May I say to you that the committee has got to have something to act on. We have got to justify our appropriation. I think everybody here wants to provide as much money as is necessary for the efficient functioning of the organization, but when you say to us that there is a certain apprehension of doubt as to it being sufficient, that leaves us in doubt. We do not know whether to provide more money or less money.

Mr. Fahey. Senator, frankly, I think it is better to leave it as it is and let us try and find out whether we can operate on that amount. If we cannot get by with it, then we will have to come back and ask for a deficiency appropriation.

Senator Hale. You are not asking for the $2,000,000; you simply came up because we asked you to?

Mr. FaHEY. That is right.
Senator Hale. Does that answer the question?
Senator STEIWER. That answers my question.

Mr. Fahey. Let us try. Our people are honestly and earnestly trying to operate this entire enterprise as efficiently and economically as we can and nobody has any greater ambition to get this expense down to where it ought to be than we have. On the other hand, it would be a most short-sighted business policy to cut too close here and incur losses that would not show up for 2 or 3 years.

What I started to say, Senator, was this: We are convinced that the next couple of years will prove to be the critical period.

Senator STEIWER. What effect

Senator TOWNSEND (interposing). What effect will this recession have on collections, if anything?

Mr. Fahey. It is a curious thing, Senator. We have gotten hardly any of it yet. We do not know what the result will be.

Senator TOWNSEND. What in your judgment will it be?

Mr. Fahey. Well, I should expect between now and spring we would have some difficulties, but we have not begun to feel it yet in any substantial degree.

Generally speaking, strikes and shut-downs and all that sort of thing are quickly reflected in the operations of the Corporation. This operation is a very interesting business barometer because with loans in every county in the United States and in practically every town of 2,000 or more, and monthly collections we get the reactions from trouble all over.

Conditions vary in different sections of the country, but we get changes very quickly.

Senator TOWNSEND. What percentage of your loans would you say were in small towns and rural communities, as compared with larger cities?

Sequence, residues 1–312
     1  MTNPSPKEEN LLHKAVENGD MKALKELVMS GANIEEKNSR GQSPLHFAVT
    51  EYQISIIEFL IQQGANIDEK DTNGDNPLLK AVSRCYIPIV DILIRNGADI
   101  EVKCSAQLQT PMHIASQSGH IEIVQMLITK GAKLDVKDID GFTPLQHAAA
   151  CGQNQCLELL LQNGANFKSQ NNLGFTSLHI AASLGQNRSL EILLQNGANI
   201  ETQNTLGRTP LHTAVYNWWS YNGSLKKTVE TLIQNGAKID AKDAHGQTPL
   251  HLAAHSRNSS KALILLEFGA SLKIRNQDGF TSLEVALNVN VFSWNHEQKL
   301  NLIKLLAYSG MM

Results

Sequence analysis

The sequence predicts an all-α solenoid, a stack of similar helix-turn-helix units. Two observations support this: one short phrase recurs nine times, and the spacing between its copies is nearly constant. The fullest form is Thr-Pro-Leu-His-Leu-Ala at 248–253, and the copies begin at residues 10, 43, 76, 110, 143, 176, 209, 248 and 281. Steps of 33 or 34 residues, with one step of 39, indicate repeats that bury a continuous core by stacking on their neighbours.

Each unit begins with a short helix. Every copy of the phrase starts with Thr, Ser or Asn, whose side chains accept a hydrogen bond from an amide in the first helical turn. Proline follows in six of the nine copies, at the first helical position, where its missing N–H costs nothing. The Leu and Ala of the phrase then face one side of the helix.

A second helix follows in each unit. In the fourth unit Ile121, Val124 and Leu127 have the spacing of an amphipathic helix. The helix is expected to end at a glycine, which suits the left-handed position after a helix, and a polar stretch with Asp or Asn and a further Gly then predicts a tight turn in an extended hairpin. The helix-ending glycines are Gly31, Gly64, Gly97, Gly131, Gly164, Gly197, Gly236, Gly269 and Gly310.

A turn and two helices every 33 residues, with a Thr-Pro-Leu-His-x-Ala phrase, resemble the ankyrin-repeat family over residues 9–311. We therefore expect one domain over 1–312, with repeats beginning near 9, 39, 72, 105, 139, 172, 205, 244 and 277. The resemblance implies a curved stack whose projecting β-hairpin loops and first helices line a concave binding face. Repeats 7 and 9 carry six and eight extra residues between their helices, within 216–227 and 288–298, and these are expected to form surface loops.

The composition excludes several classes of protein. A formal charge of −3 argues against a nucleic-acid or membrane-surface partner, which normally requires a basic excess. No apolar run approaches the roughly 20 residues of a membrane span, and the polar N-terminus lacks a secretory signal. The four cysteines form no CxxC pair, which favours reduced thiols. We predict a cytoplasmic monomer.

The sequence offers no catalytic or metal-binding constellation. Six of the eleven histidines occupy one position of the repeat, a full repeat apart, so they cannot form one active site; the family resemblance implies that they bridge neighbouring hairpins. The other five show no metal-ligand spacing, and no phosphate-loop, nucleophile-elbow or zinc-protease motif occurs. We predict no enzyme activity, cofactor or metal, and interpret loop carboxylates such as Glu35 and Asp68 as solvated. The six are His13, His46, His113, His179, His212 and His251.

Mr. Fahey. Well now, that would be a guess, Senator.
Mr. RUSSELL. About 15 percent, I think.
Mr. Fahey. About 15 percent in the very small ones?

Mr. RUSSELL. Yes. Loans outside of the metropolitan areas approximate 15 percent.

Mr. Fahey. It is very hard to say. The great bulk of the urban housing of the country is in the smaller cities, so far as single homes are concerned.

Senator TOWNSEND. Yes.

Mr. Fahey. For many years 70 percent of all of the single homes in the country, of all of the urban dwelling units, have been in communities of 100,000 or less and about half of those are in the towns of 25,000 or less.

A large proportion of our loans are on single houses. The multiplefamily dwelling--that is, the house of four or more apartments is largely in the big cities. We have more of them on the island of Manhattan, for example, than in all the rest of the country.

Senator TOWNSEND. You have?

Mr. FAHEY. Oh, yes, sir; and you encounter more difficulty with them, too.

The CHAIRMAN. Mr. Fahey, I have a letter here which I understand you have requested to go in the record.

Mr. Fahay. If you please.

The CHAIRMAN. It relates to your difficulties with the General Accounting Office.

Mr. FAHEY. Yes, Senator. (The letter referred to appears at the end of Mr. Fahey's statement.)

Mr. Fahey. To complete what I was saying, if I may, Senator, we feel that these next 2 years are the important years, because in that period a large proportion of these loans will be paid down to the point where they are absolutely safe and sound loans. It should be possible then to work out a plan of prompt liquidation for the Corporation and perhaps transfer those loans to private lending institutions.